Saturday, September 26, 2009

"Love the Church: Lyrics of love" - Dave Bish

Following on from yesterday's Spurgeon sermon, I was thrilled to hear from Dave Bish - the well-known Bluefish blogger. He and I have shared thoughts on the Song of Solomon for some time now and he's encouraged me many times on his insights on this beautiful book of the Bible.

Dave spoke on the Song of Songs to his UCCF team recently. Here is the link to the notes from the session:

"Love the Church - Lyrics of Love".

Dave accurately sums up the two positions on how to view the Song;

"There are two broad camps of understanding about The Song. Those who say it is about marriage – as it appears at first reading, and those who say it is about Christ and the church, as I’m going to argue. Of course it is both, but which we give priority really effects how we proceed".

That last point is key to my whole understand of this book. I don't have a problem with married couples reading and learning from the love expressed in the Song of Solomon. What a better model to follow? But I do believe that if Christ and His church is isolated from this book (as per Driscoll/Mahaney etc) then a substandard love will result both for Christ in worship and indeed in marriage. As Dave says - what we give priority to will effect how we proceed.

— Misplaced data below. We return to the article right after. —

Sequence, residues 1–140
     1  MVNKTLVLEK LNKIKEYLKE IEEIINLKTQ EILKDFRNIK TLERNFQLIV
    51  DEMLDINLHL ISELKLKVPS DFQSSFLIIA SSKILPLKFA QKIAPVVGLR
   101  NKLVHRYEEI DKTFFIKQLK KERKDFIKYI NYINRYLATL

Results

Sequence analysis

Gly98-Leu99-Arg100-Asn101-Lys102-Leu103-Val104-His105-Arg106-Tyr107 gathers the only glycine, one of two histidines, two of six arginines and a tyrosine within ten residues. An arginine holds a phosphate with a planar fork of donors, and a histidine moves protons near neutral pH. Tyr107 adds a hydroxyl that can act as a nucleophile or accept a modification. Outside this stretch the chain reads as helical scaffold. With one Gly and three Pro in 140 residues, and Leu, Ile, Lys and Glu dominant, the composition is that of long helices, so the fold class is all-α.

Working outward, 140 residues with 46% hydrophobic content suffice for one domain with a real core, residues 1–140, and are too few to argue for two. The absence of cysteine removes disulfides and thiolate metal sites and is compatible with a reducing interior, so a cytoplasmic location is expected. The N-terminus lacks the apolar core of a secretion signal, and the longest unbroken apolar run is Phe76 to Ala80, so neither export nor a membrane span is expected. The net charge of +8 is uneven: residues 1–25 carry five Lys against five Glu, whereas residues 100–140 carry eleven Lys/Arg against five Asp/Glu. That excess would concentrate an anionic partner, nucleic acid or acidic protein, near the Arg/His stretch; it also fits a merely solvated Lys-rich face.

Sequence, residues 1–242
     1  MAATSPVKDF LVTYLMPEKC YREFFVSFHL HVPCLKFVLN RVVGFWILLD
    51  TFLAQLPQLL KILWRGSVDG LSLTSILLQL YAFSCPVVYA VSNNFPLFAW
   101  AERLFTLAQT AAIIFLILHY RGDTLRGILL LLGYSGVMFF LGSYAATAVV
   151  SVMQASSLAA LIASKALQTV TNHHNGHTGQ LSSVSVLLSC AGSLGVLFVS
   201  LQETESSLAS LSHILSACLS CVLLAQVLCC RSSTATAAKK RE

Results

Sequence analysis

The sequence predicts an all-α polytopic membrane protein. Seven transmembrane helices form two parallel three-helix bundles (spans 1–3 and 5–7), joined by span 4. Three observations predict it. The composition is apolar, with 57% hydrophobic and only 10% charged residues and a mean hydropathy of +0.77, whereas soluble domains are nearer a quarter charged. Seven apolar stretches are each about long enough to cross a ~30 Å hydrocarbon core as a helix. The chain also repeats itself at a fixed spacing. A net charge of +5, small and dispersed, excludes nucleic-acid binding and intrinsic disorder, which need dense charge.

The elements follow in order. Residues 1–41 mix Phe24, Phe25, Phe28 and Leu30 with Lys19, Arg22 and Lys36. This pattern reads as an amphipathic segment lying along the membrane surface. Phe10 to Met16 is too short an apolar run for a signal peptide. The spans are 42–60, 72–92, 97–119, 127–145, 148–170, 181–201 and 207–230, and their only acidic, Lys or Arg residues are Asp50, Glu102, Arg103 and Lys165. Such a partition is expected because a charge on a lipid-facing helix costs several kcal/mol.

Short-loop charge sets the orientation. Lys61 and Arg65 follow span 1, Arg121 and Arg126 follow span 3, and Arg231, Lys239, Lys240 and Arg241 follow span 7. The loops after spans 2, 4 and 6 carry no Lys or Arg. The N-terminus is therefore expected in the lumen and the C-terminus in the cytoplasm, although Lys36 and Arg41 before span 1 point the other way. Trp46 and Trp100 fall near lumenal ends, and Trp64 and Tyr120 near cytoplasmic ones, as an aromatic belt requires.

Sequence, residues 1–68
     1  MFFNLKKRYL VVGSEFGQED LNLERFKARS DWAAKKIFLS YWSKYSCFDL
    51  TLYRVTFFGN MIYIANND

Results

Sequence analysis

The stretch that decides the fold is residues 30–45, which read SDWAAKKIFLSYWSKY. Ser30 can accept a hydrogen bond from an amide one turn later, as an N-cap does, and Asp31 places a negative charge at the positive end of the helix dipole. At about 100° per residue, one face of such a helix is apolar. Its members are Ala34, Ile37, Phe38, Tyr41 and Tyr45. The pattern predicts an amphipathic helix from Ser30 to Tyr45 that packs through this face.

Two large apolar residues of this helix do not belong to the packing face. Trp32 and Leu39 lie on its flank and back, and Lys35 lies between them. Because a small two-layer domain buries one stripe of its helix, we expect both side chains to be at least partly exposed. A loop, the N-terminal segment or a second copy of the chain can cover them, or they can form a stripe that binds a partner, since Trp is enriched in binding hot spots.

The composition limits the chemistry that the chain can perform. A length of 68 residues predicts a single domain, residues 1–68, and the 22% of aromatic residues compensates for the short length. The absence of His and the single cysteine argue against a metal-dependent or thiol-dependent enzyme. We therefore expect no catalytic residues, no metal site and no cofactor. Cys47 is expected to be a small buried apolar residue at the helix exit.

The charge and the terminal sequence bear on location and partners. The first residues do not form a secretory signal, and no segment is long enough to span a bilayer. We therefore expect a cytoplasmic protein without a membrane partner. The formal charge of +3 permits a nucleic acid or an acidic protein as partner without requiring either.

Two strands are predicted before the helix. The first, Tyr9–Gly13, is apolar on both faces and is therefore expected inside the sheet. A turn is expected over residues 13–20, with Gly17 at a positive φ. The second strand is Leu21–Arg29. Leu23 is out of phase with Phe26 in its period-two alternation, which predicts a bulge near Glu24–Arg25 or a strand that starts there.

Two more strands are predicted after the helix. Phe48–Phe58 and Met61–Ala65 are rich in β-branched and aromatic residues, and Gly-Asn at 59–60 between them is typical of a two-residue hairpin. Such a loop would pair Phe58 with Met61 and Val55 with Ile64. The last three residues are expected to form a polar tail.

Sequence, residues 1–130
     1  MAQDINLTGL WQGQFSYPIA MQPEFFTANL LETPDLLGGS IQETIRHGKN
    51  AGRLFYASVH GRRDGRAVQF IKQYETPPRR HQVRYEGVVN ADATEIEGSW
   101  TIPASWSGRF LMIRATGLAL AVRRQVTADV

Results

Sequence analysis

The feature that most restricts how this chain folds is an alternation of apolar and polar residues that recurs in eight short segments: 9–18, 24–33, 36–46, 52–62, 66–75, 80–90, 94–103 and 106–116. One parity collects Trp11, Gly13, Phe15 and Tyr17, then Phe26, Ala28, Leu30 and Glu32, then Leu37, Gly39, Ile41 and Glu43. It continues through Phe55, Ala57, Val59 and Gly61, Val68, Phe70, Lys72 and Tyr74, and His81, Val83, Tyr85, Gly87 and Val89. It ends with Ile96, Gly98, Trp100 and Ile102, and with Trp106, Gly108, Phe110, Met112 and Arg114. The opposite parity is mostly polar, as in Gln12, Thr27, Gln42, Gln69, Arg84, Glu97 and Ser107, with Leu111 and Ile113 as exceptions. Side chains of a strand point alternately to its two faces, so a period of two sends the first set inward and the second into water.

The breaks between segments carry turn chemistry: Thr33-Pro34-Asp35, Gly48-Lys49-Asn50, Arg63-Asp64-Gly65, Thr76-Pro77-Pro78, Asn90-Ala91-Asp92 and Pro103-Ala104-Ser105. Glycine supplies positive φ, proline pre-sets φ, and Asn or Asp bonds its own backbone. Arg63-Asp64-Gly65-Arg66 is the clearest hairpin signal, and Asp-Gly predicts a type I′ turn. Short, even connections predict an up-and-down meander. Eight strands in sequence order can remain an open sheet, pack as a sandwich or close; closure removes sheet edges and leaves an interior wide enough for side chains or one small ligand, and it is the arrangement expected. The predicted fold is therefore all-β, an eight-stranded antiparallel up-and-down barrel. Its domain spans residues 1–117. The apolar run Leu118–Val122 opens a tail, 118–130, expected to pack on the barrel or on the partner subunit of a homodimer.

Dave responds to Mark Driscoll's "icky" dislike of seeing corporate love in the Book by reminding us:

"Driscoll’s key argument is that it’s just too icky if this is about “Jesus and me”, I agree but whilst its true that Jesus gave himself up in love for me, we also know “Jesus gave himself up for the church” – and that a corporate reading is more the norm in Scripture. The bride is not individual believers but the church as a whole. Us not me, our husband not my husband".

He then splits the Song of Solomon up very helpfully by "tracks" of lyrics;

Track 1 (1:1-2:7) - Delights.

Track 2 (2:8-3:5) – Desire.

Track 3 (3:6-5:1) – Wedding.

"I find myself thinking – if he loves the church like this I want to know that love, to be found in the church and feel this love by the Spirit. To know his love as Ruth experiences the LORD’s love through Boaz. That means being found among God’s people not being alone. I am not his bride, the church is – it is the church whom he loves like this".

Track 4. The fourth song (5:2-6:1) – Loss

Track 5 (6:2-8:4) – Grace

Track 6. (8:5-8:14)- Home

Dave concludes wonderfully;

"This brief overview is designed not entirely to convince you to read the Song as about Christ and the church but to tug on your heart to love the bigger story of Christ and the church. To want to be found in her to know his love for her, and to grow with the church to love him as she does".

1 comment:

Jon Sidnell said...

Having been more in the Driscoll/Mahaney camp before now, I'm finding myself more convinced to your side of things after realising that the Bride represents the church, and not the individual believer.

It's probably Frank Viola who's helped me most here, who points out in From Eternity To Here that the lover praising each part of the body of the beloved means that He loves the bride, but loves and appreciates each individual part of the beloved too. So Christ is filled with love for His bride, but also loves each individual member (you and me!).

You, Dave Bish and another blogger called Glen Scrivener have come in after reading this last week and confirmed the change in my mind :)